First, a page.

By Maeva Chargros
The story is known – some would even say simple: on November 17, 1989, a large demonstration in Prague triggered the Velvet Revolution, that would peacefully end four decades of Communist rule in Czechoslovakia; Václav Havel would be the President of the new federal Republic, which would split between the Czech and Slovak Republics in 1993. Then, both countries would join NATO and the European Union, keeping close diplomatic ties. Czechia would constantly be confused with Chechnya, and Slovak diplomats in Brussels would have to organise regular mail-swapping meetings with their Slovenian counterparts. Meanwhile, everyone would keep talking about Czechoslovakia as if these two countries only made sense when together.
Nonetheless, if you sit down and listen to Czechs and Slovaks, you realise the story is not that simple: for them, the Velvet Revolution cannot be reduced to just one demonstration, one election, and one painful breakup.
Therefore, instead of a banal memo about various events organised around the Czech Republic to celebrate the 30th anniversary of this major historical milestone, here is an attempt to help international readers to see the events from a Czech, or actually Czechoslovak perspective, through the eyes of people who actually saw the events as they happened – on TV, in the newspapers, or on the main square of their city or village. I interviewed three historians, who were in very different locations in November 1989. They were between 7 and 19 years old, thus each gives a very different perspective on the events that unfolded thirty years ago. All of them are now part of the Euroculture team at the Department of History of Palacký University in Olomouc. You will find more information about them at the end of this article; their age at the time of the Velvet Revolution is given next to their names in the article. Continue reading “1989-2019: “You will be the generation to suffer the consequences of these changes.””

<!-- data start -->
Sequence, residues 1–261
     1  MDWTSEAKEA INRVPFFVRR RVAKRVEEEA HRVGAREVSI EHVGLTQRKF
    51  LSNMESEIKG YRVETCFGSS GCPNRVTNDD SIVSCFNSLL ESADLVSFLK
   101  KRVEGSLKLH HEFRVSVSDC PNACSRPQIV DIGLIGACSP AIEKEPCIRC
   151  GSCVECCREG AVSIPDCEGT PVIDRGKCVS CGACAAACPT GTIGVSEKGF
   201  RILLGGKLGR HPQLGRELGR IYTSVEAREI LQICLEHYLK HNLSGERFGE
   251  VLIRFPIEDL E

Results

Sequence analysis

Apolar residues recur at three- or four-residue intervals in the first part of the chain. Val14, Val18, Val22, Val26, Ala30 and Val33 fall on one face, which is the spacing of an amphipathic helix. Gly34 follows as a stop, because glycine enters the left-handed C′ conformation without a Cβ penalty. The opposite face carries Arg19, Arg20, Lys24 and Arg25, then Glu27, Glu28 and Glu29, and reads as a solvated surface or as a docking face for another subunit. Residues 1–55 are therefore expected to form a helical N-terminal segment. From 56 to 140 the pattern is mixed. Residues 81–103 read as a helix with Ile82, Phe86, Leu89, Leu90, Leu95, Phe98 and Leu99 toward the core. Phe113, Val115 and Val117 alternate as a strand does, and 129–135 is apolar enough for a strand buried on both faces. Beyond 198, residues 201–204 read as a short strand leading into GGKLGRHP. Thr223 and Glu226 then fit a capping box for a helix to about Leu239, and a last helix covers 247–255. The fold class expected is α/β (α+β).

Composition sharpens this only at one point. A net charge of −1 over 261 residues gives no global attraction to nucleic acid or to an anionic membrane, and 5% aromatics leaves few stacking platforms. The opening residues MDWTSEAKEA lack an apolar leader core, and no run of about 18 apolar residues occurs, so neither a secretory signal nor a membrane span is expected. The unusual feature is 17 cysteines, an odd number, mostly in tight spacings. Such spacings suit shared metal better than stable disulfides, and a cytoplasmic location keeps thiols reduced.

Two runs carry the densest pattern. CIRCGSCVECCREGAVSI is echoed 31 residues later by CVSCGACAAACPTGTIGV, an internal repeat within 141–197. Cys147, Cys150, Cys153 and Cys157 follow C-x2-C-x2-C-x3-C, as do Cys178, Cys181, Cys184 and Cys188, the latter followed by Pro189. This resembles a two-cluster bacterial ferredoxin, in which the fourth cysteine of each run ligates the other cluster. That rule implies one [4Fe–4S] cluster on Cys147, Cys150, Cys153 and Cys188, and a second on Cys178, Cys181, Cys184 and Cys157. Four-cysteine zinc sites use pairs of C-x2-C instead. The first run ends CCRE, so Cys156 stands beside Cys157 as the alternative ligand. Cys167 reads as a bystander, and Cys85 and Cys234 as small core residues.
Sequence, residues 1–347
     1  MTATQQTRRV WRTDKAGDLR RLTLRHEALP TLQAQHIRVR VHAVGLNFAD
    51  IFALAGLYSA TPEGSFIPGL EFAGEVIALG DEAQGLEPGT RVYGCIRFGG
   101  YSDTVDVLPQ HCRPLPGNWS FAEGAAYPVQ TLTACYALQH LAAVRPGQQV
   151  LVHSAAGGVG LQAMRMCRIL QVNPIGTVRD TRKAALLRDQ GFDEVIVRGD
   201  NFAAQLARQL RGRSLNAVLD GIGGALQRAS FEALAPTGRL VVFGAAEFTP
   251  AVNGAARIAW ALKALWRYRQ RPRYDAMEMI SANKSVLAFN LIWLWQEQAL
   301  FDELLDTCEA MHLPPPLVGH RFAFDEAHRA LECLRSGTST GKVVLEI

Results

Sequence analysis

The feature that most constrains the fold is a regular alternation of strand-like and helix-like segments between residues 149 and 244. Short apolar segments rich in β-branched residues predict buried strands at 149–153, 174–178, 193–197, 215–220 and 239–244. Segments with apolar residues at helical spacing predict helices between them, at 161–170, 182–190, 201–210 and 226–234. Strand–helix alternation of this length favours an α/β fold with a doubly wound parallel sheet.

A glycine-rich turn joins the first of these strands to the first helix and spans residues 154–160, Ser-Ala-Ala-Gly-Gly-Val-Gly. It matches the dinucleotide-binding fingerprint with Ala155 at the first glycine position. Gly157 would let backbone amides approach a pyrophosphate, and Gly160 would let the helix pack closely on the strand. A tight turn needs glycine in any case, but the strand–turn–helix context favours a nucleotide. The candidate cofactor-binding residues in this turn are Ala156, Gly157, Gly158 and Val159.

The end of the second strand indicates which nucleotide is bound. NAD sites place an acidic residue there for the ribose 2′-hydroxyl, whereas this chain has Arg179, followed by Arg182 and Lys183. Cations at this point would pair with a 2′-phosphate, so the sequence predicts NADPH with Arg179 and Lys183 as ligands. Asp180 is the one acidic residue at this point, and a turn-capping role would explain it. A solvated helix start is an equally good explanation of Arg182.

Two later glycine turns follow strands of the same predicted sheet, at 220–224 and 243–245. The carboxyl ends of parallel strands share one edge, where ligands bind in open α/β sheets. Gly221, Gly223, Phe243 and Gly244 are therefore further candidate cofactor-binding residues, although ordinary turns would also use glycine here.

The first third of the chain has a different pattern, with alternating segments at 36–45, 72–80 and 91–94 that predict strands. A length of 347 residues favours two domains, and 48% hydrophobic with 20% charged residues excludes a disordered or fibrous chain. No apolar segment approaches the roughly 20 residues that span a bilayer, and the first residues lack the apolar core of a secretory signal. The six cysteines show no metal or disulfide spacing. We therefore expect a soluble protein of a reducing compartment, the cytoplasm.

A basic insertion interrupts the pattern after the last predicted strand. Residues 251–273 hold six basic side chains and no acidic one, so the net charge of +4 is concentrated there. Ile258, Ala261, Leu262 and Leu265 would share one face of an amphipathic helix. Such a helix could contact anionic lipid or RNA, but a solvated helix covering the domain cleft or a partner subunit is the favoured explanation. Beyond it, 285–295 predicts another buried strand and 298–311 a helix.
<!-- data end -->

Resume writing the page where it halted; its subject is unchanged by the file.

By Maeva Chargros
How odd coincidences are, sometimes! On Friday [26.10.18], the French President, Emmanuel Macron, declared that “there is no division between East and West in Europe”. I had just written the draft of this article dedicated to the 100th anniversary of the First Czechoslovak Republic – stating the complete opposite and calling for more efforts from the Western part of our continent.
Therefore, allow me to seize this opportunity to turn this article into an answer to a declaration I know is wrong.
“Czechoslovakia” might not exist anymore, but the ideals of this state, as well as its struggles, are still very much alive. The Prime Minister of the Czech Republic was born in the Slovak part, when it was still called “Czechoslovakia”. Born in Bratislava; Prime Minister in Prague. Usually at this point, for the amusement of the readers, the writer tends to add a comparison that turns out to be a joke. However, there is no comparison to make here, even less as a joke: the Czech and Slovak common history was not made only of laughter and joy – it was also made of betrayal, loneliness, and struggle for the right to exist together, or separately. There happens to be only very few similar cases – please name a case of two different nations uniting under one flag, one state, one President, just to have the right to exist and try their luck at this. And when it fails the first time, they try again a second, a third, and a fourth time. Only after the fourth attempt, they agree on a peaceful separation, though not tearless.
If you’re from Western Europe, I might have lost you already at “Czechoslovakia”, at the very beginning of this paragraph: “where is it by the way?”. If you’re Czech or Slovak, I might have lost you with the “four times” – and you’re probably arguing about this number. See the division now, Mr Macron? Here it is.
To clear this point quickly with Czechs and Slovaks (and especially those born as Czechoslovaks): I include in the “attempts” not only the usual 1918, 1945 and 1990, but also the additional attempt with a more federal system during the Communist period. You may disagree, I’m not even sure I agree with myself here. Let’s not lose the focus of this article, though – the division, between East and West. Continue reading “1918-2018: Czechoslovakia, Between East & West”